In addition to agreeing with the Aristotelian definition of man as "the rational animal," Aquinas also held various other beliefs about the substance of man. For instance, as the essence (nature) of all men are the same, and the definition of being is "an essence that exists," humans that are real therefore only differ by their specific qualities. More generally speaking, all beings of the same genus have the same essence, and so long as they exist, only differ by accidents and substantial form.
Aquinas affirms Aristotle's definition of happiness as "an operation according to perfect virtue," and that "happiness is called man's supreme good, because it is the attainment or enjoyment of the supreme good." Regarding what the virtues are, Aquinas ascertained the cardinal virtues to be prudence, temperance, justice, and fortitude. The cardinal virtues are natural and revealed in nature, and they are binding on everyone. There are, however, three theological virtues: faith, hope, and charity (which is used interchangeably with love in the sense of agape). These are supernatural and are distinct from other virtues in their object, namely, God.
In accordance with Roman Catholic theology, Aquinas argues that humans can neither wish nor do good without divine grace. Therefore, happiness is attained through the perseverance of virtue given by the Grace of God, which is not fully attained on earth; only at the beatific vision. Notably, man cannot attain true happiness without God.
Regarding emotion (used synonymously with the word "passion" in this context), which Aquinas defines as "a movement of the sensitive appetite when we imagine good or evil" following St. John Damascene, Thomism repudiates both the Epicurean view that happiness consists in pleasure (sensual experiences that invoke positive emotion), and the Stoic view that emotions are vices by nature. Aquinas takes a moderate view of emotion, quoting St. Augustine: "They are evil if our love is evil; good if our love is good." While most emotions are morally neutral, some are inherently virtuous (e.g. pity) and some are inherently vicious (e.g. envy).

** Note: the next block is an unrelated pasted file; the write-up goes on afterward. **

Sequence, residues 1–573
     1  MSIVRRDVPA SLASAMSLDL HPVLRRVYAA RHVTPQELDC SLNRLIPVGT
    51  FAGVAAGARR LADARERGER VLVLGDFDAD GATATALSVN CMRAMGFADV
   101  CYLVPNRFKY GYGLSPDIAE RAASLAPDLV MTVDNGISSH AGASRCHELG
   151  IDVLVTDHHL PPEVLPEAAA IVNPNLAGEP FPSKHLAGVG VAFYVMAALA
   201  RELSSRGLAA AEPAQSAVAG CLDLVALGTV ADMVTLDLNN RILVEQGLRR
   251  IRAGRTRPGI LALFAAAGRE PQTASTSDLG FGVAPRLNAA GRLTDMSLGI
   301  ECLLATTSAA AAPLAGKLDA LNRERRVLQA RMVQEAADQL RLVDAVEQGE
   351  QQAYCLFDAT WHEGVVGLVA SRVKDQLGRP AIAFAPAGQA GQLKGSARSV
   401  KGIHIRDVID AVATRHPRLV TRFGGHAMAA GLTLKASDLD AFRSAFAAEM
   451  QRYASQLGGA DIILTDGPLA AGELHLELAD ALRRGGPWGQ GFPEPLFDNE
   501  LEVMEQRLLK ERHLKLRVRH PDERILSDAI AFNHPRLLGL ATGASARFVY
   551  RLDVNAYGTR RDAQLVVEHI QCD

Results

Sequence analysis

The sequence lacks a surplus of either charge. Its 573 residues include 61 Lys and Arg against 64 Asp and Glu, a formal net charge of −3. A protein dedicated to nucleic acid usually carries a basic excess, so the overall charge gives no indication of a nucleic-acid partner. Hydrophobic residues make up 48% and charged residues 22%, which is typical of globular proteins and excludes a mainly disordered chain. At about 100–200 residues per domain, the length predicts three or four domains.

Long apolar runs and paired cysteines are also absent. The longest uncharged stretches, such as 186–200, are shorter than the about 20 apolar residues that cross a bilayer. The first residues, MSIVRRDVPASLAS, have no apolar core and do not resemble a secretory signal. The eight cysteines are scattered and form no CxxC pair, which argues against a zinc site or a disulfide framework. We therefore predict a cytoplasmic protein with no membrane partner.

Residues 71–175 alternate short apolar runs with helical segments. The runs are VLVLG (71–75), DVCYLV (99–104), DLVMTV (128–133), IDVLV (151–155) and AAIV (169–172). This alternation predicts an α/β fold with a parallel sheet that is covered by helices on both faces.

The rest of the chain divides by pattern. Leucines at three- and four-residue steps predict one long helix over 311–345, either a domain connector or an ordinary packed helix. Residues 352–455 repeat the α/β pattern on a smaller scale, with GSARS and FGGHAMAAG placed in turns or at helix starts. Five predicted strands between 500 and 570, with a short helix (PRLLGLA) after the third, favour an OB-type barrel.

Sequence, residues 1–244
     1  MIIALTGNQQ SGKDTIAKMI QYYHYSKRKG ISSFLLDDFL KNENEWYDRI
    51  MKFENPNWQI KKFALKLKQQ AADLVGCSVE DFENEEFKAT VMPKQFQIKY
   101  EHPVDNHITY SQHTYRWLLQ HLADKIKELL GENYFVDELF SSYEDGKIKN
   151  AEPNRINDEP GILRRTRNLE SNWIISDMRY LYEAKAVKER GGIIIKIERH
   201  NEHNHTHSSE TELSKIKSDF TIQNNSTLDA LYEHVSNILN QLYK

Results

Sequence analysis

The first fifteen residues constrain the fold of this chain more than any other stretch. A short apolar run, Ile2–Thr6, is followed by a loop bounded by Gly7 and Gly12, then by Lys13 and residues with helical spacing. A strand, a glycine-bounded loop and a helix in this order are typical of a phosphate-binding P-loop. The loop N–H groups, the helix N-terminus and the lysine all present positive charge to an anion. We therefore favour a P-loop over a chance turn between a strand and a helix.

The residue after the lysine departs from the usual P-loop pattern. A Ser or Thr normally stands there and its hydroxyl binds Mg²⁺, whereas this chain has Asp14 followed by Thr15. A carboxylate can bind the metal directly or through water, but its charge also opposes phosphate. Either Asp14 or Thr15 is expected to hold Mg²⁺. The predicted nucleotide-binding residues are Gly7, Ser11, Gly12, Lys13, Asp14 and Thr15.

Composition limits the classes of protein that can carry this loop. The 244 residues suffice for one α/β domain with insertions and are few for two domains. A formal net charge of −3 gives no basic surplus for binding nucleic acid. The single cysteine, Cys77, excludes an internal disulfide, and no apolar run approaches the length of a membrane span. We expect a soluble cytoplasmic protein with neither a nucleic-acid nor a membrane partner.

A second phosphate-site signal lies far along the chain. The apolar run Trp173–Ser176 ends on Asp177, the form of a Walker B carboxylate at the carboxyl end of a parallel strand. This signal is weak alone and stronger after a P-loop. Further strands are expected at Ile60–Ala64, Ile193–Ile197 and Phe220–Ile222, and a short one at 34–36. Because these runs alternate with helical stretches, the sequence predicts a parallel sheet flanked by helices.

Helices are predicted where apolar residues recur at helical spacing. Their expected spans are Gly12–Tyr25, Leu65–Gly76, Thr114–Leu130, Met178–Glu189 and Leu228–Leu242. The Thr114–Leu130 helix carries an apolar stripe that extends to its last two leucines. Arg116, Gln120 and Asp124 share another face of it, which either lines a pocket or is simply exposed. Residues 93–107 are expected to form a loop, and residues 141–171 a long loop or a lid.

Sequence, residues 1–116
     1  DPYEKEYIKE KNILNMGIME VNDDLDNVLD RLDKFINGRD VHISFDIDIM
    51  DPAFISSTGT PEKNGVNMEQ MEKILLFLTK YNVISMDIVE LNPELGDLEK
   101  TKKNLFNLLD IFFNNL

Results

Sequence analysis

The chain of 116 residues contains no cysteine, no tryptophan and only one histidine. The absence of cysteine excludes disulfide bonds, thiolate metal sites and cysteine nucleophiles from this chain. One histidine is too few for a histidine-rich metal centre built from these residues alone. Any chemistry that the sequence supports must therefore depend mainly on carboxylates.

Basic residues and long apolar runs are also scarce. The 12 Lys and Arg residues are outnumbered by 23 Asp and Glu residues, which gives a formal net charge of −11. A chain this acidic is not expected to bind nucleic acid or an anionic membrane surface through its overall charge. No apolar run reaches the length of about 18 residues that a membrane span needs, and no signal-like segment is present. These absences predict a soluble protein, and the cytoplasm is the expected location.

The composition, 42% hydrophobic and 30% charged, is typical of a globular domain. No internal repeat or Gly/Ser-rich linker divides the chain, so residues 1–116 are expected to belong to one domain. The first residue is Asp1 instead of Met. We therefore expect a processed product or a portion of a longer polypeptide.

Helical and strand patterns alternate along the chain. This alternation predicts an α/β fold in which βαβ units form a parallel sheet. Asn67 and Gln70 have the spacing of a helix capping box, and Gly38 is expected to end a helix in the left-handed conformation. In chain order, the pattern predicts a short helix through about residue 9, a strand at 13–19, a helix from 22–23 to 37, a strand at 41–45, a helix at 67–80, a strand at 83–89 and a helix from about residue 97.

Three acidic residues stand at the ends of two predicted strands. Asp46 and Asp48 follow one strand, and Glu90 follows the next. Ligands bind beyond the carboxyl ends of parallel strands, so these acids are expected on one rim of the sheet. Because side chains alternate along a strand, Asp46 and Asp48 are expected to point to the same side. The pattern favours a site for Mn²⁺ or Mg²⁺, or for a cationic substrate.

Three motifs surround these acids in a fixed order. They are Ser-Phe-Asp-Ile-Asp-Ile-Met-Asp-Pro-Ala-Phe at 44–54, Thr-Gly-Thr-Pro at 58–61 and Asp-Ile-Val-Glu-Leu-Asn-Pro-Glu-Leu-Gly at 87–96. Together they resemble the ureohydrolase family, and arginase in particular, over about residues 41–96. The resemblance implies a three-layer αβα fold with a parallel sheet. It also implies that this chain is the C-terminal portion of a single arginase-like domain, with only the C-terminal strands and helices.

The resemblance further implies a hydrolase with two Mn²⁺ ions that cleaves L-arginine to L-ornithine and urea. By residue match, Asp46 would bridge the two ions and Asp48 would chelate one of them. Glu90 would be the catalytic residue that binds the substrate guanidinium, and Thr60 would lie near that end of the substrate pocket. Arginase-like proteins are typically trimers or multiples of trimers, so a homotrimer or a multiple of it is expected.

Thomist ethics hold that it is necessary to observe both circumstances and intention to determine an action's moral value, and therefore Aquinas cannot be said to be strictly either a deontologicalist or a consequentialist. Rather, he would say that an action is morally good if it fulfills God's antecedent will.
Of note is the principle of double effect, formulated in the Summa, II-II, Q.64, art.7, which is a justification of homicide in self-defense. Previously experiencing difficulties in the world of Christian philosophy, the doctrine of Just War was expounded by Aquinas with this principle. He says: